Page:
Implications for practice
Considering how important it is to eat in a healthy way for our overall physical and mental functioning, it is not surprising that this study by Ocean et al (2019) provides us with important implications, particularly for public health. In fact, by suggesting that a small increase in fruit and vegetable consumption may have a significant impact on our mental health, the authors seem to communicate directly to healthcare practitioners with a renewed emphasis on the benefits of healthy nutrition.
This study also opens the door for new research in this field, as many questions need to be addressed, e.g.
- What are the mechanisms underlying this relationship between fruit and vegetable consumption and mental well-being?
- Can other food groups which are bad for our health (e.g. sweets) be left behind in response to a better nutrition?
Moreover, the authors recommend that new studies try to deal with the methodological limitations mentioned above, and suggest that randomised controlled trials and/or quasi-experimental methods should support the information provided by longitudinal data.
Finally, they conclude with a final “strategy”, that is simply raising awareness on the benefits that eating fruit and vegetables can have on mental health, and not only on physical health. However, what I personally find very interesting is what they say next, namely these benefits would accrue relatively rapidly for mental well-being, while it would take more time for physical health. Taken together, I believe that this information could concretely contribute to a better nutrition and, consequentially, a happier life.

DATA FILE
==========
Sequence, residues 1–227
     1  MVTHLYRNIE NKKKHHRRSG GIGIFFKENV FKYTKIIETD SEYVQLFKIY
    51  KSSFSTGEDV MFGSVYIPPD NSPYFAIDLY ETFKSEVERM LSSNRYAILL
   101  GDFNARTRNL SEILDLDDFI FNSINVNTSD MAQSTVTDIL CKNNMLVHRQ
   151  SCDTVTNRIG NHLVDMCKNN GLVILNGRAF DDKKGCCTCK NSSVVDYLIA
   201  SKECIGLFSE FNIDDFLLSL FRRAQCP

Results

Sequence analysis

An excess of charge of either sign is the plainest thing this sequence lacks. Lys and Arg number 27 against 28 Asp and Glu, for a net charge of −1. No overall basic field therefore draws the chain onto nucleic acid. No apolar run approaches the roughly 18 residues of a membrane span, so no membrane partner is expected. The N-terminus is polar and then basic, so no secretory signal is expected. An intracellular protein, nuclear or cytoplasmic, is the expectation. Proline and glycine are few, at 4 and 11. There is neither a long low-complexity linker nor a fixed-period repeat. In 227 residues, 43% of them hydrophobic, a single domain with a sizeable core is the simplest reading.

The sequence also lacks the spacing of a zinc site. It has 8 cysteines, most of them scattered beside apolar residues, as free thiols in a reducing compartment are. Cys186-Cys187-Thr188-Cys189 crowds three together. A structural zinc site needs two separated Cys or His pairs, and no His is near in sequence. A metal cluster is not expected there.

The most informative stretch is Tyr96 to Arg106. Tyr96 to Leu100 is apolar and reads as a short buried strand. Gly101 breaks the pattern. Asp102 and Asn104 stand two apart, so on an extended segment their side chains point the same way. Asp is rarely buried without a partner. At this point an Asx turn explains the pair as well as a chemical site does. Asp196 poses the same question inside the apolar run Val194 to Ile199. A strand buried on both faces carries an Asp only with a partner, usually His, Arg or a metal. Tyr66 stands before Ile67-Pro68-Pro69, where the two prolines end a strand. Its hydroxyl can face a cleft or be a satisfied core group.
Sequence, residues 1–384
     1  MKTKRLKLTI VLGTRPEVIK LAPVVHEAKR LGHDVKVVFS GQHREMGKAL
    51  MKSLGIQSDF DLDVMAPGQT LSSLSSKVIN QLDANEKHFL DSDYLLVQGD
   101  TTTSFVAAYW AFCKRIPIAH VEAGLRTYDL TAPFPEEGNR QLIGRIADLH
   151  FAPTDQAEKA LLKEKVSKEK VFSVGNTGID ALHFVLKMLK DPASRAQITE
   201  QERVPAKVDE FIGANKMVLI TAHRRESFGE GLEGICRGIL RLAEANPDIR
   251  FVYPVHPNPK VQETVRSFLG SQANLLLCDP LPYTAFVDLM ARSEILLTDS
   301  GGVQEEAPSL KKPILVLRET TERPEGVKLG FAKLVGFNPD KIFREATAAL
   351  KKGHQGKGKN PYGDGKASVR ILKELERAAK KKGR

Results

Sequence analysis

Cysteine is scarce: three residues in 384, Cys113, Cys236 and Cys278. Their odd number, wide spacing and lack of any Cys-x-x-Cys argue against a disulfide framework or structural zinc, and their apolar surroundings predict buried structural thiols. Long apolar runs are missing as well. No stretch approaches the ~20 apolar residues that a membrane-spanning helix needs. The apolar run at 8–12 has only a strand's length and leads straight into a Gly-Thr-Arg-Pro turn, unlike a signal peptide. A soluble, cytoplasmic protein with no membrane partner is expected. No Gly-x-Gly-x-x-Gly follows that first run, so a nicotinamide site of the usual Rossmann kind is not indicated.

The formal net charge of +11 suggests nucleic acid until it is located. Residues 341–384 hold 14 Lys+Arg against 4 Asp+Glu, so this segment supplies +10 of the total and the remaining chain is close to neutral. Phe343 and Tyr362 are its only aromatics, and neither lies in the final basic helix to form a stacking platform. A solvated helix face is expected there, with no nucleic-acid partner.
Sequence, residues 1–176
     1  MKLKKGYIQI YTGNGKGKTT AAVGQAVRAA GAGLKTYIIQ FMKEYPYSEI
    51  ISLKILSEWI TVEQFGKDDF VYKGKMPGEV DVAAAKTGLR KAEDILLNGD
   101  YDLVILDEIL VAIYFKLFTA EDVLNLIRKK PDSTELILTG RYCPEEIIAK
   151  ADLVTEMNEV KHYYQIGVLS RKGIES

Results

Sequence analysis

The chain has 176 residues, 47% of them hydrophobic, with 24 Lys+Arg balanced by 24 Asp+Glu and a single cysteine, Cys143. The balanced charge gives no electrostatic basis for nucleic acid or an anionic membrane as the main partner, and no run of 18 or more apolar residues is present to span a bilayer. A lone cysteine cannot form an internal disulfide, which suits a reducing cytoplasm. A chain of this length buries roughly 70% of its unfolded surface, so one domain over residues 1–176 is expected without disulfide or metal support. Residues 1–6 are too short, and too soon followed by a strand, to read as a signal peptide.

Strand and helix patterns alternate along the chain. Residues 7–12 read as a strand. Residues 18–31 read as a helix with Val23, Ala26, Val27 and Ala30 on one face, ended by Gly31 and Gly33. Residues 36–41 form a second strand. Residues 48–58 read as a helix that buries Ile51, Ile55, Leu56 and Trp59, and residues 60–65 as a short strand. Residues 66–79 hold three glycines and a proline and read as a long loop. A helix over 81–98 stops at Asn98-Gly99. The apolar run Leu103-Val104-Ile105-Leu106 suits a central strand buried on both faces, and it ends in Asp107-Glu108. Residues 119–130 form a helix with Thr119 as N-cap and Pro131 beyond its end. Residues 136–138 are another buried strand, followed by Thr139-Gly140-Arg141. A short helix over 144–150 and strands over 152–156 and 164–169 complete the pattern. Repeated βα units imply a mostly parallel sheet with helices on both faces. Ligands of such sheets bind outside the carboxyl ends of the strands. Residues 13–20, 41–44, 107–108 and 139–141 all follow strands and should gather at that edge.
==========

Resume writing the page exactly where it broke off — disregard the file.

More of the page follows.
Statement of interests
Ocean, N., Howley, P., & Ensor, J. (2019). Lettuce be happy: A longitudinal UK study on the relationship between fruit and vegetables consumption and well-being (PDF). Social Science & Medicine, 222, 335-345.
Slavin, J. L., & Lloyd, B. (2012). Health benefits of fruits and vegetables (PDF). Advances in nutrition, 3(4), 506-516.
Blanchflower, D. G., Oswald, A. J., & Stewart-Brown, S. (2013). Is psychological well-being linked to the consumption of fruit and vegetables? (PDF). Social Indicators Research, 114(3), 785-801.
Mujcic, R., & J. Oswald, A. (2016). Evolution of well-being and happiness after increases in consumption of fruit and vegetables (PDF). American Journal of Public Health, 106(8), 1504-1510.
Brookie, K. L., Best, G. I., & Conner, T. S. (2018). Intake of raw fruits and vegetables is associated with better mental health than intake of processed fruits and vegetables (PDF). Frontiers in psychology, 9, 487.